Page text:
Home Town: Pasadena, California
Current Residence: Honolulu, Hawaii
How did you get into the sailing industry?
I did a fair amount of sailing growing up in California, cruising off the coast of Santa Barbara and to Catalina Island and so on with my family. I ended up in Hawaii through the TransPac regatta. One race I went over and simply didn’t go back. At one time I was offered to do a delivery of a boat back to the west coast but turned it down, that was a defining moment for me in deciding to stay here.
When I got to Hawaii I was looking for work and there weren’t a whole lot of options for me if I wanted to stay with sailing. At one point it was either go to Law School or work on boats and do rigging. I just kept working on boats! In Hawaii though the sailing population just isn’t big enough to support someone working only on making sails and doing rigging though so we end up doing a lot of other neat projects involving cable and canvas. One interesting project we worked on is building sun umbrellas for elephants. They are going to be 36ft in diameter held up 30ft in the air!
What is your favorite part of being involved in sailing?
I enjoy building something, whether it’s a sail, rigging or something else. I just want to make things, I like working with my hands. Working with cabling is physical, it outweighs me by hundreds of pounds. I enjoy the splicing as well, I find it relaxing. There is also the element of technology developing. Just as the cloth is getting better and better so is the rope and line. I currently have a piece of 2 inch diameter Dyneema line in the sail loft with a breaking point of 330,000lbs, it is incredible.
The problem-solving element is very attractive. Making things work and finding a better, or lighter way to hold something up. Even for something like Cal 20 rigging. I see the rigging and spars as the chasse for the sails. They all work together and support the sail. A great rig setup will help the boat’s engine, the sails, perform even better. I think I get to work with our lead sailmaker Marc Bara in a really unique way because of that.
How did you meet/hear about David Ullman and decide to join the Ullman Sails group?
The first time I met Dave I sailed with him on a Nelson Marek 67’ for a local series event. Dave had built the sails for the boat and I was only there because I knew a guy who knew a guy who needed crew – quite simply put “the Hawaiian way” of finding crew.
I was absolutely blown away by Dave’s ability to manage everyone on board. Even though we didn’t all know each other (let alone Dave) he got us working together as a great team on day one.
In terms of joining the group, the Ullman Sails model fits us perfectly. The group gives us the flexibility to work outside of purely sailmaking (doing rigging and other canvas work) while offering us a lot of support and expertise for designing and building really high-quality sails. I really like how we support each other too. One time we had a Japanese sailor who was going around the world and was about to head off to Australia. Before he went we ordered him a new jib and had it delivered to our loft in Brisbane, Australia, it was ready for him when he arrived. Talk about a satisfied customer. We’ve done that a couple of other times as well, once for a customer going to Turkey.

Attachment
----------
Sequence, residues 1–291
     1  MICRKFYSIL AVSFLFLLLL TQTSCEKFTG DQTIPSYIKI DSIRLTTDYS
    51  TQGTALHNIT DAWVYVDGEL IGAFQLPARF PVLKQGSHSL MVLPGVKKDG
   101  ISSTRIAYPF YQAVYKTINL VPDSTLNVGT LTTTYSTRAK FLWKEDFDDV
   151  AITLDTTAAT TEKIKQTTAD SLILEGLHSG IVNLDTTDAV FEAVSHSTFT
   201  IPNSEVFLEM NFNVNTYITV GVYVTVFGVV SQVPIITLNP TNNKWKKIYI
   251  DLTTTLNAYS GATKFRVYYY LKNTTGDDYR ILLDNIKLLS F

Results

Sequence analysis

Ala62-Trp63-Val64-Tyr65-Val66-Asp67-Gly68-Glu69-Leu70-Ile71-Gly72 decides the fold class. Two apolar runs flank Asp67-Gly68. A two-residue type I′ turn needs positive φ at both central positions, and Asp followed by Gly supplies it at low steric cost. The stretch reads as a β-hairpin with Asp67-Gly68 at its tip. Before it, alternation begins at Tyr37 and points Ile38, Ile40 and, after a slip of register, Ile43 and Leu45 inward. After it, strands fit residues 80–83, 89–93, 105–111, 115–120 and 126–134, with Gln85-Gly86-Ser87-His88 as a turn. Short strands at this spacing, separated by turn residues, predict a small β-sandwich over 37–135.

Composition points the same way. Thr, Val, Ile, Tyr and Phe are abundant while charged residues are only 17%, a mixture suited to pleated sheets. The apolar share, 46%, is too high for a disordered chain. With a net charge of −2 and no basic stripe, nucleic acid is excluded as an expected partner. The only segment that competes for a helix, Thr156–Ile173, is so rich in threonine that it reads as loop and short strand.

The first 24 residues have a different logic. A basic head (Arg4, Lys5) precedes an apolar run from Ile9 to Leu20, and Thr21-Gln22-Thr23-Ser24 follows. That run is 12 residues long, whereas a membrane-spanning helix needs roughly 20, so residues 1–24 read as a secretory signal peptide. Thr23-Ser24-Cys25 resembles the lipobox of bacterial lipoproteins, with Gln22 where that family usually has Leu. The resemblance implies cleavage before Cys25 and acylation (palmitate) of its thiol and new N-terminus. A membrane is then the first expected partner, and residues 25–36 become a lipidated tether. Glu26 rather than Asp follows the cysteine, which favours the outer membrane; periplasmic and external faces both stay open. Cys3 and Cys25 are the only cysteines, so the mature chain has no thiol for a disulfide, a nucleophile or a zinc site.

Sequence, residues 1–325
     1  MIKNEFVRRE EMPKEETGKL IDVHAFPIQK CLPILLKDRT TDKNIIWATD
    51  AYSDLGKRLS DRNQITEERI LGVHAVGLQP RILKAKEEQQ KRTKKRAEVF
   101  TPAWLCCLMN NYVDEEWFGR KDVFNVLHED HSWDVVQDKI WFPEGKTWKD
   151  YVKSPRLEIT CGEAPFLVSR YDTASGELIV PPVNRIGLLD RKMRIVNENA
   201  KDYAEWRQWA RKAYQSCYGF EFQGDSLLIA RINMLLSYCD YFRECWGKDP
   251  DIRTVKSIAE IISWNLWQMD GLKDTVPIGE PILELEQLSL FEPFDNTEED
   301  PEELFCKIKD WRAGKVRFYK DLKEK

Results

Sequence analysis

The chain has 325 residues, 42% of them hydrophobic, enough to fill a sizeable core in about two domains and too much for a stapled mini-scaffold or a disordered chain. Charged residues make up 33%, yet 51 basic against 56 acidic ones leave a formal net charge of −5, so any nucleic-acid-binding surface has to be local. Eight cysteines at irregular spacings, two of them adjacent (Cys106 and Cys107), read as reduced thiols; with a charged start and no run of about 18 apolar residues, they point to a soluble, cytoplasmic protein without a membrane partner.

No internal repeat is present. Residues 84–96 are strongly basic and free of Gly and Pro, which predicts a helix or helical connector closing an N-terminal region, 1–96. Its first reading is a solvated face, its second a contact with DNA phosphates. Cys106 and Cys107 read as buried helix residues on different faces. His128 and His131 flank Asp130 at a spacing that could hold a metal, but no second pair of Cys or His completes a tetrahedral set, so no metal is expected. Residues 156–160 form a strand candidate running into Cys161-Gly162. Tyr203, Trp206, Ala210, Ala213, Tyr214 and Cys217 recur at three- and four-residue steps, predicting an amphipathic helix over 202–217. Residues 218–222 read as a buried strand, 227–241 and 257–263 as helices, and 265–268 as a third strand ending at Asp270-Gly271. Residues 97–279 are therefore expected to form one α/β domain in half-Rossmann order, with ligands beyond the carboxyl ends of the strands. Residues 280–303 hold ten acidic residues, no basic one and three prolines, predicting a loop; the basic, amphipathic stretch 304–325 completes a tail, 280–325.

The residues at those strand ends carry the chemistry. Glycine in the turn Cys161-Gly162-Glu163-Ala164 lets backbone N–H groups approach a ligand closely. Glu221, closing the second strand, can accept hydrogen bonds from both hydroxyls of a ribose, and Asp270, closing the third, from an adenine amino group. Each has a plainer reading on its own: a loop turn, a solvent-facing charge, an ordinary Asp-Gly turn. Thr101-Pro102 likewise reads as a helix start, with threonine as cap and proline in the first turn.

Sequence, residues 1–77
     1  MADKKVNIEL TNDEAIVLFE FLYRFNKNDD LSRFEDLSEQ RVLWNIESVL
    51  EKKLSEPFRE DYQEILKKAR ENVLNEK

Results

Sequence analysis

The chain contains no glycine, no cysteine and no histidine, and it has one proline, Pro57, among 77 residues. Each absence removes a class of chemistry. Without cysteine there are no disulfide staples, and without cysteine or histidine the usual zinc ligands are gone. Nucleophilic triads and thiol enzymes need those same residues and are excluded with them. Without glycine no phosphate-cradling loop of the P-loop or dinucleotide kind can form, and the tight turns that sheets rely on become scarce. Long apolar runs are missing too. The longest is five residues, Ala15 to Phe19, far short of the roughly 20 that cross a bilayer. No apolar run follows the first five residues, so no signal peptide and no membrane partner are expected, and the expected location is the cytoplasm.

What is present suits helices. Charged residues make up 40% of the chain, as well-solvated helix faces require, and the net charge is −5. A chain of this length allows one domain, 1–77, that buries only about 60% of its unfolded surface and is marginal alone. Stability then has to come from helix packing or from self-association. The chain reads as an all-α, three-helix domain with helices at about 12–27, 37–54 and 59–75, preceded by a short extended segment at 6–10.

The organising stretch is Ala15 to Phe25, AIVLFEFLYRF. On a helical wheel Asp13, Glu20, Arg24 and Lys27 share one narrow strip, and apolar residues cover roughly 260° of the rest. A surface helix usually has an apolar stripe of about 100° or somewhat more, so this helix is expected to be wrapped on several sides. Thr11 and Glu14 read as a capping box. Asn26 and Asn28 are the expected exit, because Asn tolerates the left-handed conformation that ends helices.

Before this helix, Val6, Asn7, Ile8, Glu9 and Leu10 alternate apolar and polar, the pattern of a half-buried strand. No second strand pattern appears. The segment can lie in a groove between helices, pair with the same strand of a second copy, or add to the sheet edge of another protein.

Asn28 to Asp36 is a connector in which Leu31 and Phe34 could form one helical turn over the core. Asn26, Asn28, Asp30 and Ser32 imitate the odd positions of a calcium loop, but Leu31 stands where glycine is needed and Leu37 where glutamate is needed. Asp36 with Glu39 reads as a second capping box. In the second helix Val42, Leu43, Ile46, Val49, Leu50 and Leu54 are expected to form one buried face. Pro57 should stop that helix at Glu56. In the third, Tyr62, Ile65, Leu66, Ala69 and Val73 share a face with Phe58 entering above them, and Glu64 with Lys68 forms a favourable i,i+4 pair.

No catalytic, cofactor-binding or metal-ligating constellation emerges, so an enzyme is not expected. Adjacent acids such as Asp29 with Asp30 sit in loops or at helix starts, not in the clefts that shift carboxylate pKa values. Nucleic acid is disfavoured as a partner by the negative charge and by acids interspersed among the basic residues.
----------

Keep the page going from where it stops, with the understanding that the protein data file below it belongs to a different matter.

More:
What are the highlights of your sailing career?
The 1975 Tornado Worlds in Sydney, Australia, were a real highlight. We finished 10th overall which was good, but we were more excited about actually sailing in Sydney harbor. The first day there we had just put the boat in the water and were cruising around the harbor, “Oh wow! There’s the opera house, There’s the bridge! There’s an 18 Footer!” Until all of a sudden, we seemed awfully low in the water. I looked to my crew, “did you put in the plugs?” “Nope…”. We got a little carried away in the spirit of it all!
There have also been a couple of Transpacs and Mexican races that have been fun and that we’ve done well in. I sailed one event from Los Angeles, California to Tahiti aboard a Lapworth 50 named ‘Westward’. It took us just 21 days – I remember we pulled in Saturday very early morning, just before the bars closed, thank goodness.
What is one of the biggest events near your loft? What can you tell us about it?
It used to be the Clipper Cup or the Kenwood Cup, but those no longer exist. Now the biggest event is the TransPacific Yacht Race. In the 1970s I raced a TransPac in a 39ft wooden multihull. Within 2 hours of the start we were 30 miles past Catalina Island and the mast rotated and went straight through the deck, fortunately no one was hurt. Somehow the mast stayed up, anchored into the hull and we just sailed back!
Name one of the best places in the world to sail.
Hawaii. The Kona Coast on the big island is one of the best places, but is only one of a couple that are good for calm day sailing. In Hawaii you’re really just out in the ocean. A part of living in Honolulu is that you don’t need to go anywhere, if you stay long enough the whole world comes to you. What more could you ask for?
What is one of your favorite places to cruise?
I really like Hawaii, but it’s rough. You’re really just out in the ocean. I also love cruising off the southern California, but it’s pretty hard to beat the warm tropical air of Hawaii. Another great place is northern Australia – it’s a really cool cruising ground in a young country.
I’ve watched my ability to handle cold dissipate over the years. One time I was sailing in a 1 Ton Series out of San Francisco, we were sailing to the Farallon Islands and someone pointed out where a nude beach was. My skipper just dropped his tiller and said, “You’ve got to be kidding me”. I shared his sentiment.